In film class, we were taunted (challenged) with tales of the unaffordable Steadycam: a magical device that would allow a cinematographer to move freely around with a camera attached most unattractively to his/her midsection (despite the typical advertising efforts, these are never sexy) and end up with footage smoother than the best rail, dolly, crane shot. Then a couple of weeks ago I discovered that I could rent the Glidecam HD 4000 for 40 bucks.
At the moment, we’re shooting a feature-length film with a Canon 7D (HD-DSLR) and attached Hoodman Cinema Kit Pro (loupe, arm, eyecup). Along with any of our lenses, our kit still lands in the “small camera” category, which is perfect for the Glidecam; so my team and I recently took advantage of the opportunity to rent the Glidecam for our weekly shoot.
What is the Glidecam HD-4000? B&H describes it as “a lightweight, hand-held camcorder stabilizing system,” which I feel needs some elaboration. In reality, this device can turn a patient, dedicated low-budget cinematographer’s footage into a masterpiece. I say patient and dedicated because the Glidecam is not “magical.” It’s not even “Easy as 1, 2, 3.” It actually takes quite a bit of practice and effort to get it to work with you. My first walking tests gave me footage that looked like a POV shot from a ghost, or maybe a Gaspar Noé film, which probably isn’t the look you want for your documentary, wedding video, etc. I did, however, notice right away that not a single footstep or tremble was visible. Once you have the feel for it you’ll never want to go back to your DIY PVC rig again.
What’s so difficult? I was warned that setup was “crucial” or even “difficult” with the Glidecam, and I have to agree with both of these warnings. What’s worse is that there appear to be several different schools of thought on how to balance it! Luckily for me I had it for a whole weekend, and I was able to practice and watch tutorials on YouTube to get it right. The technique is equally challenging. While one hand grips the handle firmly, the other guides your pans, tilts, or lack thereof. This thing is counter-weighted so it can rotate in any direction with ease – and it will do so if you don’t get a grip on it with your guide hand. Too much grip, and your inferior human movements transfer to the camera. There’s a delicate balance in between.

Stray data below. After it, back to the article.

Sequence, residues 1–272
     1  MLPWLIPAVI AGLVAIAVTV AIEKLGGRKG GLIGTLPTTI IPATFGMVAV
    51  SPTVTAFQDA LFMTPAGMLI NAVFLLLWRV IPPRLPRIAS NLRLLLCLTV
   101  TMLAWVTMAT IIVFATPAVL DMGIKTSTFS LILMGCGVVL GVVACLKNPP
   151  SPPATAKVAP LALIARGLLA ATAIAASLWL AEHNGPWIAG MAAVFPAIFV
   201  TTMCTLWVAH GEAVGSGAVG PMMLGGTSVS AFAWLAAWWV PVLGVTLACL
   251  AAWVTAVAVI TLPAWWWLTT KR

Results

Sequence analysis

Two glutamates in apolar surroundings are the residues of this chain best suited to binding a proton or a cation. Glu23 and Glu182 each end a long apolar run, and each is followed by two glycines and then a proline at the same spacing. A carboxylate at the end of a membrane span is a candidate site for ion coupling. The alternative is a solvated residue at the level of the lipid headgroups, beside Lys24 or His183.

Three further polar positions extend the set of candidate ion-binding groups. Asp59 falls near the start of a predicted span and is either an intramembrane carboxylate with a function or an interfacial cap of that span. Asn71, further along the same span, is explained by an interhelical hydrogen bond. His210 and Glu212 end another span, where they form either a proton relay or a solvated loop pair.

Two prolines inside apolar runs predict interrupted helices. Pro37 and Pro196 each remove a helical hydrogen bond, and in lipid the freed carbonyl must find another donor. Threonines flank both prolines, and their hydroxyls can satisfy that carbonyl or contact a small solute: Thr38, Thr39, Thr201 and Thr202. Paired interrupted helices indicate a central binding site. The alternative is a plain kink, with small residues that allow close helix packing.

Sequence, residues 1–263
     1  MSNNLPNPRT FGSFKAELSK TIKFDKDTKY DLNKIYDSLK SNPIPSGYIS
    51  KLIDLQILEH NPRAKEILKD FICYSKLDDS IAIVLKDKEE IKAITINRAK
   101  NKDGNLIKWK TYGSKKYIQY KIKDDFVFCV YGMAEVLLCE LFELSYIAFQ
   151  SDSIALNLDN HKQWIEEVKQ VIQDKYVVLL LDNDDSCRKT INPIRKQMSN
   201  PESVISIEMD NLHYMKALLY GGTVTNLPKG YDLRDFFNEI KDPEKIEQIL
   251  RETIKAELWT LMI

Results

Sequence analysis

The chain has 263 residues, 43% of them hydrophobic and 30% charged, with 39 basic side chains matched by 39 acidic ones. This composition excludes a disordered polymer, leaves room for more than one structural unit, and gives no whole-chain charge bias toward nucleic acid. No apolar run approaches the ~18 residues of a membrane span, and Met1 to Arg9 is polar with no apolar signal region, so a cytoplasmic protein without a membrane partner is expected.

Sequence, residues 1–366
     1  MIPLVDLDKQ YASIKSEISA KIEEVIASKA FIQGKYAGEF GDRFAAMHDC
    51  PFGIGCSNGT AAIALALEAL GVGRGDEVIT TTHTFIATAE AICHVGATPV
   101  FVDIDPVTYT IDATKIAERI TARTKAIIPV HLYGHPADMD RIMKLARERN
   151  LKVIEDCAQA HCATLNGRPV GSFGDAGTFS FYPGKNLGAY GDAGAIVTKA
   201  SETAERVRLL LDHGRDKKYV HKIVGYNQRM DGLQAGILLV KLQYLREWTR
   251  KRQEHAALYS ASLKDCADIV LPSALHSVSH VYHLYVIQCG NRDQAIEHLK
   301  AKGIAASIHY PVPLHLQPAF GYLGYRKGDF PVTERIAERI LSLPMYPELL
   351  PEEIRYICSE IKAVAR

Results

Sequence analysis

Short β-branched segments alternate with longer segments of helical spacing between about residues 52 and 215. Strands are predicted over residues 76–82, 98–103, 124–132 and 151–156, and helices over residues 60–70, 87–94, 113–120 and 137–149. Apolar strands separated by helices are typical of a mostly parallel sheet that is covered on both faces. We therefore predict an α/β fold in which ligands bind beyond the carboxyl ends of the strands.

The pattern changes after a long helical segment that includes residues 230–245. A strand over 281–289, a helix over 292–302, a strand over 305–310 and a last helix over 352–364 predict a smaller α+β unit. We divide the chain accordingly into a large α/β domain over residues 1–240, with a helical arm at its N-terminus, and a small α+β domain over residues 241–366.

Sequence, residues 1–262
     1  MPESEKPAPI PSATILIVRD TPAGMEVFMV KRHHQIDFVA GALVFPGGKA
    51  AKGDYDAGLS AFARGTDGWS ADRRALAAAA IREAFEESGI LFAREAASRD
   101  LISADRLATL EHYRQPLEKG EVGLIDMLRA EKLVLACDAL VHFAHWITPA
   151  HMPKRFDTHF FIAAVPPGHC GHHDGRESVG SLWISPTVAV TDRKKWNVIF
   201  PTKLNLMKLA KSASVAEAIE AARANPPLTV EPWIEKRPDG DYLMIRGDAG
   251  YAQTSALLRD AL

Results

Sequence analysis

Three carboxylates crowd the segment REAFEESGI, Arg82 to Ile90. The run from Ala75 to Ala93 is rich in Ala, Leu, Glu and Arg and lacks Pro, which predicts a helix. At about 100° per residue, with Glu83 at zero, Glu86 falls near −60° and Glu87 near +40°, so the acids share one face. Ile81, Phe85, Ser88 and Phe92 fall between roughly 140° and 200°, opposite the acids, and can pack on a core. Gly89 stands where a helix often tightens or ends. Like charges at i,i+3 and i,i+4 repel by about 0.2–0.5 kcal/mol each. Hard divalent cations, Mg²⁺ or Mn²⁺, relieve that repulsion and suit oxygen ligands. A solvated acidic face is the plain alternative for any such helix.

After a few hours, I was shooting very comfortably and very confidently. I still feel like I could use another weekend of practice, but the looks on everyone’s faces as we reviewed our footage let me know it pulled through. Once I had it working with me, the Glidecam unlocked all of the barriers in my mind telling me what shots I could get away with. I started experimenting. And when you start experimenting, you create things that are truly worthwhile. Heck, even our behind the scenes footage looks awesome from that day.
Of course the most important thing to remember is: Don’t overdo it. A couple of shots we took were simple pans, tilts and other stationary shots that could have easily been done with any decent tripod, because that’s what was needed. In fact, I wish I’d been able to remove the camera and put it on a tripod for those shots – my arm/shoulder could have used a break. There is a quick-release accessory that matches Manfrotto’s standard video head plate… but I did not have access to it on my shoot. Removing the camera altogether is, unfortunately, out of the question. Setup is a very delicate process, and even changing out a lens in the field could compromise your weight balance enough to delay a tight shooting schedule. I stuck with my wide angle, deep DOF lens, because I wouldn’t have been able to use my loupe and hold focus with a shallow DOF anyway.
The Glidecam HD-4000 is a serious filmmaker’s tool on an indie filmmaker’s budget, and a great accessory to add to your kit. At $40/day for rental, vs. $550 to purchase, my only debate is whether or not I can afford to go ahead and buy the thing. Hmm… and what accessories do I want…